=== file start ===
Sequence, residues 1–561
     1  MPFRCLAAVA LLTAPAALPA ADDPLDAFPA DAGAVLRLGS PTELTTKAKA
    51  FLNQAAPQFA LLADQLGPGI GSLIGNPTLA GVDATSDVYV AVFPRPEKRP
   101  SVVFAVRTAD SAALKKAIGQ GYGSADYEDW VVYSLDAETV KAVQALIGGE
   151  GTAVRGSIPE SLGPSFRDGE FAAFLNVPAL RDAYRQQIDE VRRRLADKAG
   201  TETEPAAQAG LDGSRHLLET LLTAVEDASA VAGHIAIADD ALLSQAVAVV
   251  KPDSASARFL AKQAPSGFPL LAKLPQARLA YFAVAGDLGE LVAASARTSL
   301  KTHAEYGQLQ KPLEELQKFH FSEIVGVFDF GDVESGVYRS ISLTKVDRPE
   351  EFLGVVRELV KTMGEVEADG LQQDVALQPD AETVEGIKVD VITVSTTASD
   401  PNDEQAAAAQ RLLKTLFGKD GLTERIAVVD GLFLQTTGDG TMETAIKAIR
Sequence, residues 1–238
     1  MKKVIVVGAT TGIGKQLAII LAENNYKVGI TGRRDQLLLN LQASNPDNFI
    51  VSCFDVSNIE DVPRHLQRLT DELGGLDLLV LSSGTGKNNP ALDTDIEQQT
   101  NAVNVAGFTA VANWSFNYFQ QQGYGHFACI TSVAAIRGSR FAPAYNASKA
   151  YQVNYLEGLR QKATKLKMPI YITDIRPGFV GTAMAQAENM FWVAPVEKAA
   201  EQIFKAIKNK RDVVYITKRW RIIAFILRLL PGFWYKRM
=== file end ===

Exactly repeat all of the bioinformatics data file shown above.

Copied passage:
Sequence, residues 1–561
     1  MPFRCLAAVA LLTAPAALPA ADDPLDAFPA DAGAVLRLGS PTELTTKAKA
    51  FLNQAAPQFA LLADQLGPGI GSLIGNPTLA GVDATSDVYV AVFPRPEKRP
   101  SVVFAVRTAD SAALKKAIGQ GYGSADYEDW VVYSLDAETV KAVQALIGGE
   151  GTAVRGSIPE SLGPSFRDGE FAAFLNVPAL RDAYRQQIDE VRRRLADKAG
   201  TETEPAAQAG LDGSRHLLET LLTAVEDASA VAGHIAIADD ALLSQAVAVV
   251  KPDSASARFL AKQAPSGFPL LAKLPQARLA YFAVAGDLGE LVAASARTSL
   301  KTHAEYGQLQ KPLEELQKFH FSEIVGVFDF GDVESGVYRS ISLTKVDRPE
   351  EFLGVVRELV KTMGEVEADG LQQDVALQPD AETVEGIKVD VITVSTTASD
   401  PNDEQAAAAQ RLLKTLFGKD GLTERIAVVD GLFLQTTGDG TMETAIKAIR
Sequence, residues 1–238
     1  MKKVIVVGAT TGIGKQLAII LAENNYKVGI TGRRDQLLLN LQASNPDNFI
    51  VSCFDVSNIE DVPRHLQRLT DELGGLDLLV LSSGTGKNNP ALDTDIEQQT
   101  NAVNVAGFTA VANWSFNYFQ QQGYGHFACI TSVAAIRGSR FAPAYNASKA
   151  YQVNYLEGLR QKATKLKMPI YITDIRPGFV GTAMAQAENM FWVAPVEKAA
   201  EQIFKAIKNK RDVVYITKRW RIIAFILRLL PGFWYKRM